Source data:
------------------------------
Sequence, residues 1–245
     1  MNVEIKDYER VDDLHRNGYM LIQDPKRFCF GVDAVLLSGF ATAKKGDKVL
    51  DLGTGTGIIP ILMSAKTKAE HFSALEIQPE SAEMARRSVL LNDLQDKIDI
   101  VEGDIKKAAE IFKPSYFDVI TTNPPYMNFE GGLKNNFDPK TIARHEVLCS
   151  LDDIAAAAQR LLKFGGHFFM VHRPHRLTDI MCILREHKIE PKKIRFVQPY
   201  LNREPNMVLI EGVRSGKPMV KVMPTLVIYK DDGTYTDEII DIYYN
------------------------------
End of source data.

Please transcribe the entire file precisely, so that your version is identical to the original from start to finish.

Sequence, residues 1–245
     1  MNVEIKDYER VDDLHRNGYM LIQDPKRFCF GVDAVLLSGF ATAKKGDKVL
    51  DLGTGTGIIP ILMSAKTKAE HFSALEIQPE SAEMARRSVL LNDLQDKIDI
   101  VEGDIKKAAE IFKPSYFDVI TTNPPYMNFE GGLKNNFDPK TIARHEVLCS
   151  LDDIAAAAQR LLKFGGHFFM VHRPHRLTDI MCILREHKIE PKKIRFVQPY
   201  LNREPNMVLI EGVRSGKPMV KVMPTLVIYK DDGTYTDEII DIYYN